OCBC raises the bar with a huge sweetener
OOCBC Bank, the second-biggest lender in South-east Asia, has set its sights on raising $3.37 billion through a rights issue to boost its capital.
It will offer more than 440 million shares to existing holders at a ratio of one share for every eight held for S$7.65 each, said the bank in a statement yesterday.
And this, for investors, means getting their hands on more blue chip shares at a 25 per cent discount to the stock's closing price last week of S$10.20.
Jim Antos, a Hong Kong-based analyst at Mizuho Securities Asia, told Bloomberg that the market was expecting "a much higher capital issue to pay for Wing Hang".
In a bid to tap into the growing Greater China region, OCBC acquired most of Hong Kong's Wing Hang Bank (WHB) in a $6.23 billion takeover last month.
"The 25 per cent price discount is irresistible, in our view, and the highest we have seen in years of following Asian banks," said Mr Antos.
"We would be buyers at this attractive price."
The share sale is aimed at bolstering its balance sheet and financial flexibility following the acquisition of WHB, said OCBC.
Analysts gave the move the nod, adding that the price offered was an "attractive" one for a first-tier bank, and that the shares are likely to be snapped up.
"OCBC is shoring up its core equity capital and ensuring that its reserves are in place," said CMC Markets analyst Desmond Chua.
"This builds more credibility for the bank, especially after its takeover of WHB."
CIMB research head Kenneth Ng pointed out that going down the rights issue route also takes away the "last overhang for the stock".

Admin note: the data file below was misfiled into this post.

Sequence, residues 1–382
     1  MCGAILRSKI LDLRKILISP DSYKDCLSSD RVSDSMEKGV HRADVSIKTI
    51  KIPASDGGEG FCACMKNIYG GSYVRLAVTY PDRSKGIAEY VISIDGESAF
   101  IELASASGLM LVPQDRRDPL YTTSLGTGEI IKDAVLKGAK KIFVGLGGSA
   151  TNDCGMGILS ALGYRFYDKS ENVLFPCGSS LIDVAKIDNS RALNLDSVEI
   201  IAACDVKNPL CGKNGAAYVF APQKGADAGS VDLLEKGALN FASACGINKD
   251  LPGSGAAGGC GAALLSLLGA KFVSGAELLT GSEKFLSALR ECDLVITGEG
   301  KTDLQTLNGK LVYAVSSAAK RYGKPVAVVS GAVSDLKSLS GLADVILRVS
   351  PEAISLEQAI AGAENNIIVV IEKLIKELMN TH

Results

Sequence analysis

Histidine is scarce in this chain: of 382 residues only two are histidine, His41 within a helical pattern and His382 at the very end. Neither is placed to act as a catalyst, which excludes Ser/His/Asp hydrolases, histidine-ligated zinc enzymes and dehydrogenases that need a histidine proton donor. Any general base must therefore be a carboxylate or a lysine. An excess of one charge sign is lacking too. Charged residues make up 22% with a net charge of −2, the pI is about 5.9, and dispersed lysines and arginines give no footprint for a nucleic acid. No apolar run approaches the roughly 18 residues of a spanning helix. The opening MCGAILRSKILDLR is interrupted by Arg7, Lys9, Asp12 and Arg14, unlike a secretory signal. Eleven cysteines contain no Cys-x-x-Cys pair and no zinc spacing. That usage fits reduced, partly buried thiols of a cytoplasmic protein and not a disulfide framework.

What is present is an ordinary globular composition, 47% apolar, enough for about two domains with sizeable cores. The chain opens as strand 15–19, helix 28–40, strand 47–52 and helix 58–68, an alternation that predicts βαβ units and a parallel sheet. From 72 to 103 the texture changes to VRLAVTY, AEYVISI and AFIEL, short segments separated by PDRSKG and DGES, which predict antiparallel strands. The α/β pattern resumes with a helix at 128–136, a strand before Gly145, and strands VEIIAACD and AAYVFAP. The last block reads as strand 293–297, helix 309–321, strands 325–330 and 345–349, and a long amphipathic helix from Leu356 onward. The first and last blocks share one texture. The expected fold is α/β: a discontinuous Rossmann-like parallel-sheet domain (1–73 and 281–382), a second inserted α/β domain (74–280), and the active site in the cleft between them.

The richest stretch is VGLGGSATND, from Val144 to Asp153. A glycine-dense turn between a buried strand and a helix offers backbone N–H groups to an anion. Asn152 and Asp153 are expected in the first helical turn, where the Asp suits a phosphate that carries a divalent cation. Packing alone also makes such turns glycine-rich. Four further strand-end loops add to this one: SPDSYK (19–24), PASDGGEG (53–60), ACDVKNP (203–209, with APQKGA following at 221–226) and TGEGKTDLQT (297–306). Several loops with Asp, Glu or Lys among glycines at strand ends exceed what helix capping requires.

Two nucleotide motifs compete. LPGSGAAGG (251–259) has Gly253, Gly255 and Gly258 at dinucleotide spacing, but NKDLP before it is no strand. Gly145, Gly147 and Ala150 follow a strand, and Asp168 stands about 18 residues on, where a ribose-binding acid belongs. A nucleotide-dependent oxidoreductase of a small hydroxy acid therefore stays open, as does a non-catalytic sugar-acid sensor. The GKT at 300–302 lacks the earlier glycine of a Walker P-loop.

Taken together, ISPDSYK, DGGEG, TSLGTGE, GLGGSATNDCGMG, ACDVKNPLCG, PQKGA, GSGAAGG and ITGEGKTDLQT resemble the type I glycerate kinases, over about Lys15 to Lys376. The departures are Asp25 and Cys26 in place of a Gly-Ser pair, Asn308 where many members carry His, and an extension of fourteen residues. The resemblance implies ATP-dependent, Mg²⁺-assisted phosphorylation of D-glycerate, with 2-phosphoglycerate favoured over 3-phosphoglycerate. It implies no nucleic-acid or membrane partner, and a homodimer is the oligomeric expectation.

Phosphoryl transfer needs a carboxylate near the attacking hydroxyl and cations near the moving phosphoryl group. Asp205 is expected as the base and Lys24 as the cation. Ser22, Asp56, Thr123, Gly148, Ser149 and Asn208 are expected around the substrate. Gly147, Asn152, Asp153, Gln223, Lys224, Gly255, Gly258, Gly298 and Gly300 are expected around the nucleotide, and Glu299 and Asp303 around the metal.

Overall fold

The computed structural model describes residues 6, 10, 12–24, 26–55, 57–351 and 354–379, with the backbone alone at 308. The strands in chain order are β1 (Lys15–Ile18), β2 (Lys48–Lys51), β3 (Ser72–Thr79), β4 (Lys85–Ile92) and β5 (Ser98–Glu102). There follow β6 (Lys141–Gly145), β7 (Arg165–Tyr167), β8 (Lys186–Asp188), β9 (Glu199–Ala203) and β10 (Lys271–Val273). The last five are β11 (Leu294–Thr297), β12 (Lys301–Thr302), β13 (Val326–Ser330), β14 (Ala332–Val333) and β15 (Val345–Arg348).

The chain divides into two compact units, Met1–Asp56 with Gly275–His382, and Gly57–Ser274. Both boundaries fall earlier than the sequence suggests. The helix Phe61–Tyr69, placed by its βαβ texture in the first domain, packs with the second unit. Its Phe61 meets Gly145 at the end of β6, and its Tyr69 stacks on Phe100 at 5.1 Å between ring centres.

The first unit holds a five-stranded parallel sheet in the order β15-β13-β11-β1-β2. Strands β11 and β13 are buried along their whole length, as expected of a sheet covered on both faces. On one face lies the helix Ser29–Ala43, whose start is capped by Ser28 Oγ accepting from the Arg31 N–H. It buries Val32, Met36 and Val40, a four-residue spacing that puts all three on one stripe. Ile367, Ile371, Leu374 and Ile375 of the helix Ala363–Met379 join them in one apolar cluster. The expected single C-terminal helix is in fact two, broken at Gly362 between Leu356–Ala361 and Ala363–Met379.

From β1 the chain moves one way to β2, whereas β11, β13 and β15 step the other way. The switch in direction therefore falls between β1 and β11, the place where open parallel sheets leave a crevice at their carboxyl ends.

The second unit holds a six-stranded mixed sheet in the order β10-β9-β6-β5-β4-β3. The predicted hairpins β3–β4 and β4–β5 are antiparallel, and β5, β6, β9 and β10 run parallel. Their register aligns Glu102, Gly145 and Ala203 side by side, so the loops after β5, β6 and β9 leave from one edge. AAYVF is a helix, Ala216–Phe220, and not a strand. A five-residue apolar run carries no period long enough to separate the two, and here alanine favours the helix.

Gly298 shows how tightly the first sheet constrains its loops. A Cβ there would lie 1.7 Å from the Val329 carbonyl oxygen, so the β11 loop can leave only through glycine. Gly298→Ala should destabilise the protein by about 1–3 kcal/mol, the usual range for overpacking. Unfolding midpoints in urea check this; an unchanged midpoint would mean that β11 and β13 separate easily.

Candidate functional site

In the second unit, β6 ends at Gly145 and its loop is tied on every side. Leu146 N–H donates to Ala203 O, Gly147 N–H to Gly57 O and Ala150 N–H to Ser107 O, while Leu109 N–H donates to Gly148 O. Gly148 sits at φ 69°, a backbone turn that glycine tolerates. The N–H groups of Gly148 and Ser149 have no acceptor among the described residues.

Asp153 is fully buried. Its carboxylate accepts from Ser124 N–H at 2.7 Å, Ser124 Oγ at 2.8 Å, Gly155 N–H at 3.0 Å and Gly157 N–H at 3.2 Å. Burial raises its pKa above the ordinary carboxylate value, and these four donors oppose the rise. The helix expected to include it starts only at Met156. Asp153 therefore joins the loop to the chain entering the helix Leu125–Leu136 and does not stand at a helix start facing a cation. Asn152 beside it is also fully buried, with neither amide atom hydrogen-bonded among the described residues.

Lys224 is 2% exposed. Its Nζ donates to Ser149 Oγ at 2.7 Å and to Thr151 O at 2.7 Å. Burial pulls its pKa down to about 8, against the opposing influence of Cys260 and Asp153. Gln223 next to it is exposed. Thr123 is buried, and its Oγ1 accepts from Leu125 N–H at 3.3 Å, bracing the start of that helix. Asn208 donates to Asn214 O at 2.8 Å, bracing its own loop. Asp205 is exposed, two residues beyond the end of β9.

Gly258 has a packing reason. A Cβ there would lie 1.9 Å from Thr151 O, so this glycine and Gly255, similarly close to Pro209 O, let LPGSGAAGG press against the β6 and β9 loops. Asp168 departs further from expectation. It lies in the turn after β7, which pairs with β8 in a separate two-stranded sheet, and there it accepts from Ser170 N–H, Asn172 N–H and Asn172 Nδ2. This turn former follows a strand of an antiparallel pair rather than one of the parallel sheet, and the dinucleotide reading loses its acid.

"It removes previous concerns about the quantum and structure of this widely expected move, as the size of the rights is now known and quantifiable," he said in a note released yesterday.
To add to that, OCBC will see its earnings go up by 10 per cent in the financial year 2014-15, when combined with that of WHB, said Mr Ng.
He expects only a 2 to 3 per cent dilution to earnings per share for FY 2015-16.
With the acquisition of WHB in place, OCBC could find itself on a par with competitor DBS Bank in terms of regional expansion, said analysts.
DBS' current reach includes China, India, Hong Kong, Taiwan and Indonesia.
"Singapore banks cannot compete with multinational banks such as Citibank or Standard Chartered if they continue to remain as Singapore banks," said SIM University's finance professor Sundaram Janakiramanan.
"They need to look for expansion."
Still, moving on to the Greater China region may be "risky and expensive" for now, with China facing liquidity issues, noted Mr Chua.
"But having a foot in there right now would open many doors later. It's a move that will pay off in the longer term," he said.